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Docklands IRA bombing campaigner accepts OBE 'for all victims of conflict'

PUBLISHED: 17:00 22 October 2019

Lord Lieutenant Jennfier Tolhurst, Wayne Gruba, Jonathan Ganesh and Susanne Dodd. Picture: DVA

Lord Lieutenant Jennfier Tolhurst, Wayne Gruba, Jonathan Ganesh and Susanne Dodd. Picture: DVA

Archant

A campaigner has been honoured by the Queen for services to victims of terrorism.

Wayne Gruba with Jonathan Ganesh and Susanne Dodd whose father was killed in the IRA bombing of Harrods in 1983. Picture: DVAWayne Gruba with Jonathan Ganesh and Susanne Dodd whose father was killed in the IRA bombing of Harrods in 1983. Picture: DVA

Wayne Gruba was acknowledged by Her Majesty in her Birthday Honours after 23 years supporting terror victims as founder of the Docklands Victims Association (DVA).

Wayne said: "I feel immensely touched to receive this honour. However, I'm accepting this award on behalf of all the victims of conflict and all those other volunteers at the DVA who work tirelessly to help those in need."

At an award ceremony in Chelmsford, Wayne was joined by victims he has helped including Jonathan Ganesh - severely injured in the London Docklands IRA attack - and Ihsan Bashir, the brother of Inam Bashir who lost his life in the 1996 bombing.

"Wayne has made an outstanding contribution to supporting all victims of conflict. His conduct is truly exemplary as he continues to work unpaid for those in desperate need," Jonathan said.

The compassionate campaigner was appointed to the Order of the British Empire and received a British Empire Medal from Lord Lieutenant Jennifer Tolhurst on behalf of the Queen.

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Under Wayne's stewardship, the DVA set up counselling and support services for victims needing help for post traumatic stress disorder (PTSD) and other mental health challenges.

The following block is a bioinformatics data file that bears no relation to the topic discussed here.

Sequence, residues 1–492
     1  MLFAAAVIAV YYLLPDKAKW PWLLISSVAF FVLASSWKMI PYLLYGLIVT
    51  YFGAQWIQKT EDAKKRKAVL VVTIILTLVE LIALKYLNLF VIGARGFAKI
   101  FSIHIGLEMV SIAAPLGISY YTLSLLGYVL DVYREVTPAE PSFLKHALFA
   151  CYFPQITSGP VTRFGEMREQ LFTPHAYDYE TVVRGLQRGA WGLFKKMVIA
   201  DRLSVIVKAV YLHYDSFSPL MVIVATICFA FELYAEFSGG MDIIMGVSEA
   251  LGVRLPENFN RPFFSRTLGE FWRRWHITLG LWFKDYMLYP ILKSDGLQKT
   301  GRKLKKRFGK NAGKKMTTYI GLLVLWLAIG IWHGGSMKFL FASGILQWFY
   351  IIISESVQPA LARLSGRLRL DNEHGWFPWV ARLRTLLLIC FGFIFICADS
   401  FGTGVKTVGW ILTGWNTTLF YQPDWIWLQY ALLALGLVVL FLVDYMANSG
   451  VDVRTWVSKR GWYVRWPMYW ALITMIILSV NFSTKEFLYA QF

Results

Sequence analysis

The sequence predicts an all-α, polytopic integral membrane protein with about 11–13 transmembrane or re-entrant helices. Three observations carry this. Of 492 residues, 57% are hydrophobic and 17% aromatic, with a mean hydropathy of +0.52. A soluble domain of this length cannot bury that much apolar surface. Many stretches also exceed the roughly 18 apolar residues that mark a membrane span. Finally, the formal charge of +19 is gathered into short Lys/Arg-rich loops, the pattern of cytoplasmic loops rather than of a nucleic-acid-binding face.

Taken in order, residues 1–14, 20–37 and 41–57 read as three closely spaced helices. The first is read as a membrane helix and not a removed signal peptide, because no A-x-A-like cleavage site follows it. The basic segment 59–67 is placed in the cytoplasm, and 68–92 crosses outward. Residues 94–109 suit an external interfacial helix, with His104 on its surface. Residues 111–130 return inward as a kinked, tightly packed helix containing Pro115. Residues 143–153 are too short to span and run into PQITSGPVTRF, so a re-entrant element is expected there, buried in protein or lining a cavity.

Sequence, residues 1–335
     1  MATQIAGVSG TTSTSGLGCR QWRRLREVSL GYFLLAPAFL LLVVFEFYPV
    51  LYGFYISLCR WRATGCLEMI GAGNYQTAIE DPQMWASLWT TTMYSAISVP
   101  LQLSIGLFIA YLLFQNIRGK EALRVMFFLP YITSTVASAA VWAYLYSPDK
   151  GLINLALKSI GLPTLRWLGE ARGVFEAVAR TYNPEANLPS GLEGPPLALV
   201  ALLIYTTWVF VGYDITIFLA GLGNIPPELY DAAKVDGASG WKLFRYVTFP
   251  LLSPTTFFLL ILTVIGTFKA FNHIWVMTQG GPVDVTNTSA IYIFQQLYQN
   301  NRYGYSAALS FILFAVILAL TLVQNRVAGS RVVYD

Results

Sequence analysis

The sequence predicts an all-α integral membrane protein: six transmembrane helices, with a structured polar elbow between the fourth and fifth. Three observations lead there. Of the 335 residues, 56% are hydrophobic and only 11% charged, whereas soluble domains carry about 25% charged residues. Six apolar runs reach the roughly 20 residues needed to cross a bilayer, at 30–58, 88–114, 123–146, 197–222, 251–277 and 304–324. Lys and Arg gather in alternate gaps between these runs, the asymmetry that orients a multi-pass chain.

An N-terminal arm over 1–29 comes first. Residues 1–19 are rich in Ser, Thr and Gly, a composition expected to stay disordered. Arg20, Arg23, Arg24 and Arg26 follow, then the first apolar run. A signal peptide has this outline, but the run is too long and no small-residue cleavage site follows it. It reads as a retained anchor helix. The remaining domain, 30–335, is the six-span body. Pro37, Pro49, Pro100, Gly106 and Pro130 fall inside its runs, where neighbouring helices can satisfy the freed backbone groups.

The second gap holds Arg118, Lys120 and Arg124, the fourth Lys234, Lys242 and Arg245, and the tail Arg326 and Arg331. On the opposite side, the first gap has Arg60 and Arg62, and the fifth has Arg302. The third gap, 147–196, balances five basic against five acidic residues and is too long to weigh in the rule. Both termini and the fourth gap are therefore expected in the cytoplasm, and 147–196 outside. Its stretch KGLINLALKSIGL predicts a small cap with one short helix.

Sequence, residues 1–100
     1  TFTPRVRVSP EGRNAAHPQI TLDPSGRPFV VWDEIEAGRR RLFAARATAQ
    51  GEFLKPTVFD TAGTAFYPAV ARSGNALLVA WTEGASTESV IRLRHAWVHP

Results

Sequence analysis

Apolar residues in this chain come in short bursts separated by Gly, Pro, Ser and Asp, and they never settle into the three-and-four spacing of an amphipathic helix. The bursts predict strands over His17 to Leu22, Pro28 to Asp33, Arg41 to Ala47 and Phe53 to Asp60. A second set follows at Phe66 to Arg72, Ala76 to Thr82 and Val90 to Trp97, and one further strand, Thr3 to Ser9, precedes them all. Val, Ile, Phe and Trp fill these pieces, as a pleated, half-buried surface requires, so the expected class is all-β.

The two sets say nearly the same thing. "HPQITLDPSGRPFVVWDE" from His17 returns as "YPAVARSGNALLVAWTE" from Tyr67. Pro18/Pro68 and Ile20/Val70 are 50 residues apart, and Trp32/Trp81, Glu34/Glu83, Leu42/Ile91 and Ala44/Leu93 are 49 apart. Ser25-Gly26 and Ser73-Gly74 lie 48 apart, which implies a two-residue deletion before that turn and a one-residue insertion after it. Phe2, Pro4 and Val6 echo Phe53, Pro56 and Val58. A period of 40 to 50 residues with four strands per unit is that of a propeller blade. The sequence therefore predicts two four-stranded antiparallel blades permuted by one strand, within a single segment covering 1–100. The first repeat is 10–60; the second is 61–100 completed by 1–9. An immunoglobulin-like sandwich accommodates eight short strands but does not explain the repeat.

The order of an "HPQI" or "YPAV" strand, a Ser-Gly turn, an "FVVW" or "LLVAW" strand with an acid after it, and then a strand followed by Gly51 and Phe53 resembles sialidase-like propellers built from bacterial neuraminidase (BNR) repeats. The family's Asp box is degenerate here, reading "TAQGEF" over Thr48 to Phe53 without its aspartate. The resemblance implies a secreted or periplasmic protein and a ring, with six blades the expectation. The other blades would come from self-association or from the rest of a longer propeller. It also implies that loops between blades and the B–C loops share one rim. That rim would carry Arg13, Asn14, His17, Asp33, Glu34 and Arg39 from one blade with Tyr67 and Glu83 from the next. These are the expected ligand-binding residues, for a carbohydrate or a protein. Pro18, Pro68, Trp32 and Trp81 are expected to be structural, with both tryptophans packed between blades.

Wayne has campaigned for the release of the Chibok schoolgirls, kidnapped from their school in Nigeria in April 2014, and for Alan Henning, an aid worker killed by the Islamic State terror group in 2013.

He fought for fairer treatment for British and Irish IRA victims after discovering American, German and French victims received compensation from earnings made from a stash of cash seized from IRA sponsor Colonel Muammar Gaddafi.

Victims in the UK and Republic of Ireland received nothing despite also being left severely disabled.

Laurence Robertson MP, former chairman of the Northern Ireland Affairs Committee, said: "This is a very well deserved award.

"Wayne has been a huge assistance to the committee for our report into the government's shameful treatment of British victims of IRA-Libya terrorism.

"We can only hope this helps in the tireless campaign to help solve the injustice suffered by all those left injured and bereaved by Gadaffi-funded Semtex."

The government has appointed former Charities Commissioner Williams Shawcross to find a solution.

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